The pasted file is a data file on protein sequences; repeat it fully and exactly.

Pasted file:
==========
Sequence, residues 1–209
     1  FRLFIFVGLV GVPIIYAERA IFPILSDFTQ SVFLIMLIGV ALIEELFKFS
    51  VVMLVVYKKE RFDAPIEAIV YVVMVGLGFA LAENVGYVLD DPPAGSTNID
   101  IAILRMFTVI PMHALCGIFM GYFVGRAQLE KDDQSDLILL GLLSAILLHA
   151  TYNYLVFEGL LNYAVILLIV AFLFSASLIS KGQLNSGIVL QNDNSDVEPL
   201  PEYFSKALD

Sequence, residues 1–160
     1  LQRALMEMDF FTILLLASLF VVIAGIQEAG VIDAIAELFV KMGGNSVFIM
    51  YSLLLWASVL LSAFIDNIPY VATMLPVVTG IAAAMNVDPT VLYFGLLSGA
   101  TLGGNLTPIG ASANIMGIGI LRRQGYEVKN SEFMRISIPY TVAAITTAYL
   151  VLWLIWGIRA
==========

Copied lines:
Sequence, residues 1–209
     1  FRLFIFVGLV GVPIIYAERA IFPILSDFTQ SVFLIMLIGV ALIEELFKFS
    51  VVMLVVYKKE RFDAPIEAIV YVVMVGLGFA LAENVGYVLD DPPAGSTNID
   101  IAILRMFTVI PMHALCGIFM GYFVGRAQLE KDDQSDLILL GLLSAILLHA
   151  TYNYLVFEGL LNYAVILLIV AFLFSASLIS KGQLNSGIVL QNDNSDVEPL
   201  PEYFSKALD

Sequence, residues 1–160
     1  LQRALMEMDF FTILLLASLF VVIAGIQEAG VIDAIAELFV KMGGNSVFIM
    51  YSLLLWASVL LSAFIDNIPY VATMLPVVTG IAAAMNVDPT VLYFGLLSGA
   101  TLGGNLTPIG ASANIMGIGI LRRQGYEVKN SEFMRISIPY TVAAITTAYL
   151  VLWLIWGIRA